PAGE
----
Showing posts from June, 2012

A sweep through my Instapaper for June 2012

I'm not sure if I'll do this every month, but it does seem like a good way of recapitulating the last month in terms of interesting blog posts and articles that came my way. So here's my list for the month of June 2012: Latency numbers every programmer should know -- from cache references to intercontinental network latency, some numbers that will help you do those back-of-the-envelope calculations when you need to speed things up in your infrastructureCynic -- test harness by Ruslan Spivak for simulating remote HTTP service behavior, useful when you want to see how your application reacts to various failures when interacting with 3rd party servicesAmazon S3 performance tips and tricks -- some best practices for getting the maximum performance out of S3 from Doug Grismore, Director of Storage Operations at AWSHow to stop sucking and be awesome instead -- Jeff Atwood advises you to embrace failure, ship often, listen to feedback, and more importantly work on stuff that matt…

Installing and using sysbench on Joyent SmartOS

If you read Percona's MySQL Performance blog (and if you run MySQL in production, you should!), then you know that one of their favorite load testing tools is sysbench. As it turns out, it's not trivial to install this tool, especially when you have to install from source, for example on Solaris-based systems such as the Joyent SmartOS machines. Here's what I did to get it to work.

Download source distribution for sysbench
I downloaded the latest version of sysbench (0.4.12) from the Sourceforge download page for the project.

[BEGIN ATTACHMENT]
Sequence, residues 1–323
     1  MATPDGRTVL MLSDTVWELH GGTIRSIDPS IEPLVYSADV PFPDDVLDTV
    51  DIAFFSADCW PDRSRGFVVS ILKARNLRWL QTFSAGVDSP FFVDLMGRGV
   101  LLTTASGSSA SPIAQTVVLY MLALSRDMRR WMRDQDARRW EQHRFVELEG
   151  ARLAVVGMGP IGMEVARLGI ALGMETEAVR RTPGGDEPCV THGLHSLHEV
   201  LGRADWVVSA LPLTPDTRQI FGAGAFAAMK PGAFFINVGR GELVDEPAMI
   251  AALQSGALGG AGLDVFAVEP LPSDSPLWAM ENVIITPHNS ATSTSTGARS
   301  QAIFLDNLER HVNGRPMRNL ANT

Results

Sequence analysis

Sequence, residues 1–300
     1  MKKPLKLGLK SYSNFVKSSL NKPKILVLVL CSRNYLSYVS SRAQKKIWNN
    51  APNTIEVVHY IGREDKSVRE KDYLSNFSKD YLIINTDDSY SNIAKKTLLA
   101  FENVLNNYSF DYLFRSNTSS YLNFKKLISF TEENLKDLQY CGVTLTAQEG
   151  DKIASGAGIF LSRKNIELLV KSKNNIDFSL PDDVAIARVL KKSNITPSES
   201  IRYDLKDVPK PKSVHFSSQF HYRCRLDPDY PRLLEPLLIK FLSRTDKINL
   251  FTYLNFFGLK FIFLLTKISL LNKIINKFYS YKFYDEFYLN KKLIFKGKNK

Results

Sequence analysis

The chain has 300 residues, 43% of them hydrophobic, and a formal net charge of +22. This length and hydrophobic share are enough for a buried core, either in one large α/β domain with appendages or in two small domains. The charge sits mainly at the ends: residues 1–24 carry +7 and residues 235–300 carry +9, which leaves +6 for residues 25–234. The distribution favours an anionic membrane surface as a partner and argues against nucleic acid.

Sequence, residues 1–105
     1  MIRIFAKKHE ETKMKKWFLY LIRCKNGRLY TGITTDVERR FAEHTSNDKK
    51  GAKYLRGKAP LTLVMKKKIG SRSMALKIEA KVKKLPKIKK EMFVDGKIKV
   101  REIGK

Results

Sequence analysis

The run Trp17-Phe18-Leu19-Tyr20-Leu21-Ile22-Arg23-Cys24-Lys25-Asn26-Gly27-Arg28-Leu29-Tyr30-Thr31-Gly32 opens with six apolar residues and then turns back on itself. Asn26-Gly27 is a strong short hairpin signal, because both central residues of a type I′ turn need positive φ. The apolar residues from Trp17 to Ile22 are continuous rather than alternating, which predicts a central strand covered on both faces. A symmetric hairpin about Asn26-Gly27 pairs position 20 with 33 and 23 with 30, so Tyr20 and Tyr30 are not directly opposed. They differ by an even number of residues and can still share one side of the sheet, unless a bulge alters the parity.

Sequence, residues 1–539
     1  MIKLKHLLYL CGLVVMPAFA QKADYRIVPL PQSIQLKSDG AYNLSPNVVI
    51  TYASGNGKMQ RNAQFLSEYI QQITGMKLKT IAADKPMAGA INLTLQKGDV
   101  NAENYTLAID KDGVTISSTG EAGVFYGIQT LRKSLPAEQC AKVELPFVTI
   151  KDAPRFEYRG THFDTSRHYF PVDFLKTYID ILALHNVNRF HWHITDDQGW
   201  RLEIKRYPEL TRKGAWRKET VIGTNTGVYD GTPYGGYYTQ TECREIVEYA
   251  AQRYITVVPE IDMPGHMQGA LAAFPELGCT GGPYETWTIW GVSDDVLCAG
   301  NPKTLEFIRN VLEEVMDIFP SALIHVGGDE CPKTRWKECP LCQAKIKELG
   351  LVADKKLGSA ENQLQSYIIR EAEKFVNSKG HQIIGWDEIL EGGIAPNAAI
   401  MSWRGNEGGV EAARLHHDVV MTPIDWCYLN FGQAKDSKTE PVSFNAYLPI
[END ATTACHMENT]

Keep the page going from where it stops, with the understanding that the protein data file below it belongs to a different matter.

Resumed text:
Compile and install sysbench
If you launch a SmartOS machine in the Joyent cloud, you'll find out very quickly that it's lacking tools that you come to take for granted when dealing with Ubuntu or Fedora. In this case, you need to install compilers and linkers such as gcc and gmake. Fortunately, SmartOS has its own package installer called pkgin, so this is not too bad.
To see what packages are available if you know the tool you want to install,…

Using the Joyent Cloud API

Here's some notes I took while doing some initial experiments with provisioning machines in the Joyent Cloud. I used their CloudAPI directly, although in the future I also want to try the libcloud Joyent driver. The promise of the Joyent Cloud 'SmartMachines' is that they are really Solaris zones running on a SmartOS host, and that gives you more performance (especially I/O performance) than regular virtual machines such as the ones offered by most cloud vendors. I have yet to fully verify this performance increase, but it's next on my TODO list.

Installing the Joyent CloudAPI tools

I did the following on an Ubuntu 10.04 server:

installed node.js -- I downloaded it in tar.gz format from then I ran the usual './configure; make; make install'installed the Joyent smartdc node package by runing 'npm install smartdc -g'created new ssh RSA keypair: id_rsa_joyentapi (private key) and (public…